Banksias are one of our iconic flowers here in Australia. This is a close-up of one flowerhead on my Banksia spinulosa. (At least, that's what I think it is- I'm always losing or mixing up the labels.)
When this shot was taken, this banksia was recovering after having been cut back quite a bit, but it seems to be happy about it. Perhaps all the rain we had at the time helped, after the drought of the previous 10 years or so.
Another Wild Tortoise
Here's another tortoise from our trip to Greece. This particular one has obviously just finished its breakfast; you can see grass hanging out of its mouth.
From what I've been able to find out, it is a marginated tortoise (Testudo marginata), which are found in the Mediterranean area. I've also seen similar animals near Hammamet, in Turkey.
Rosella In My Plum Tree
Rosellas are just one of the animals and birds that come to my back garden and help themselves to my fruit. We've had musk lorikeets, rosellas, fruit bats, possums, blackbirds, wattle-birds, and others. So long as we get some of the fruit, they're welcome!
Wreathflower - An Unusual West Australian plant
While we were in West Australia, we discovered the existence of these beautiful and unusual flowers. They only seem to grow in one area, and look exactly like a wreath, which is how they got their name.
The Visitor Centre in Millewa told us about them, and we were really glad we made the detour from Geralton to Millewa, as they are worth seeing. Sometimes there are a lot of them visible in the Spring, but some years there don't seem to be many at all. Maybe it depends on the rainfall.
West Australian Wildflowers - Leschenaultia
This caught my eye on a trip to the Perth Botanic Gardens recently. It's a brilliant blue, and I'd love to have some in my garden, but the soil doesn't suit them.
We saw some growing in the wild as well, along with so many other wildflowers. West Australia is truly lucky in the amount and variety of their flora.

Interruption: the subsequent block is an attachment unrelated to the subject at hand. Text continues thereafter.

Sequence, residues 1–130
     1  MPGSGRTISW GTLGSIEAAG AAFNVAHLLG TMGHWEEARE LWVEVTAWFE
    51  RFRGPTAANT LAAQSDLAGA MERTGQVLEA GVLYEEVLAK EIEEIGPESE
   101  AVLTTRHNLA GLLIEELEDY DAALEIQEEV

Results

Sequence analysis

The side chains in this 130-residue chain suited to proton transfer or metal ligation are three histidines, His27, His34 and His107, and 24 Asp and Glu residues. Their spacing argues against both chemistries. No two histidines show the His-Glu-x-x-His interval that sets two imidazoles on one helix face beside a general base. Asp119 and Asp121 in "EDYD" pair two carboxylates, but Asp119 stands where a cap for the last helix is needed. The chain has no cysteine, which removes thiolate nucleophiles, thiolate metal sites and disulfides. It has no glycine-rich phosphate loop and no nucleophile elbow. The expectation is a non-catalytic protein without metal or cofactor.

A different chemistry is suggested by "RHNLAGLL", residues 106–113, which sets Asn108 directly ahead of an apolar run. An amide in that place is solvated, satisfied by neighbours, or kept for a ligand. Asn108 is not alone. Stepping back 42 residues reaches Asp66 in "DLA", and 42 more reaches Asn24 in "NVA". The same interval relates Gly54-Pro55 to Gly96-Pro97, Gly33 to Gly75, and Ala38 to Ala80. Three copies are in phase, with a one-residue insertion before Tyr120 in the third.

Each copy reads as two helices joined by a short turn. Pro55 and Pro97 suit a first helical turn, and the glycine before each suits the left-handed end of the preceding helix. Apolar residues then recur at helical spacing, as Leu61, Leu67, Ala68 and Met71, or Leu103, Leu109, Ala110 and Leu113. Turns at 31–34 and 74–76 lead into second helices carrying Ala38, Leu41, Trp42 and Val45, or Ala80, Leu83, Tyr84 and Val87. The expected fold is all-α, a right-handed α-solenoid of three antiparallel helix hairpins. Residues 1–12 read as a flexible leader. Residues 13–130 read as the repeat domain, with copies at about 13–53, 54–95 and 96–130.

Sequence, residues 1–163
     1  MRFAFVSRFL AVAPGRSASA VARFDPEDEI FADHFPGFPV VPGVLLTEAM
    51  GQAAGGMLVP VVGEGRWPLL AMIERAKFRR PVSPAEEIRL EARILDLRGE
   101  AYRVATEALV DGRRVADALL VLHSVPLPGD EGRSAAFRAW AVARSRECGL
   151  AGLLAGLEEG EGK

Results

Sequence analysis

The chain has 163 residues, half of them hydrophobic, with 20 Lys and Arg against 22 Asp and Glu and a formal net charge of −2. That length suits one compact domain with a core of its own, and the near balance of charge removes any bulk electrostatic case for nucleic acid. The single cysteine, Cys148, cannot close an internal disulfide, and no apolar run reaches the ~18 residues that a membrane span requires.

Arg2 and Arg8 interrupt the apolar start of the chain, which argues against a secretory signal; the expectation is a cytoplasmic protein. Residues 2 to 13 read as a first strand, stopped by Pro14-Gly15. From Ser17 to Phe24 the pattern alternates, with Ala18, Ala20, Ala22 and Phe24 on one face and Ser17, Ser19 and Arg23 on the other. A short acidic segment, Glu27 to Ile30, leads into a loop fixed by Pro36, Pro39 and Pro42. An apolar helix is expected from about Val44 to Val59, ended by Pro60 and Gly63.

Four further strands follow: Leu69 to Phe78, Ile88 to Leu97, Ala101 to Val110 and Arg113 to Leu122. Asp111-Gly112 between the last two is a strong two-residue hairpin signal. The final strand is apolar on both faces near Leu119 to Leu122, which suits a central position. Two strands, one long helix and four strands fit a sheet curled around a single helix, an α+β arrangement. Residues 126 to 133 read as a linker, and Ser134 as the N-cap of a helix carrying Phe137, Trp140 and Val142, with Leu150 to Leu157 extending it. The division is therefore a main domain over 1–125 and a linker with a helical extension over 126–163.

What is your favourite flower?
I love spring flowers, and daffodils are among my favourites of all time. They don't seem to do well in my garden, however - perhaps it's the clay soil. The multi-coloured hybrids are the type I like best, and they never come up again, so I'll have to stick with the ordinary varieties.
Cowslips - Primula veris or Primula officinalis Hill
Cowslips are native to Europe - I remember seeing hundreds of them in fields in England when I was a child.
This particular plant I found as a seedling in a herb shop in Melbourne, Australia, and it lasted for quite a few years. Currently I'm trying to find another, or some seeds.
A Couple of Finches
Although I don't know what kind of finch these are, I thought you might like the picture. I took it in the Butterfly House at the Royal Melbourne Zoological Gardens. It's really lush in there, and the temperature is tropical. The finches are quite well camouflaged, aren't they?
Calla Lillies - Zantedeschia
Although they are commonly called "calla lilies" these flowers are not really lilies, but belong to the Zantedeschia species.
The picture is a newly planted bunch of callas in my garden. Hopefully, they'll reproduce and spread around that area.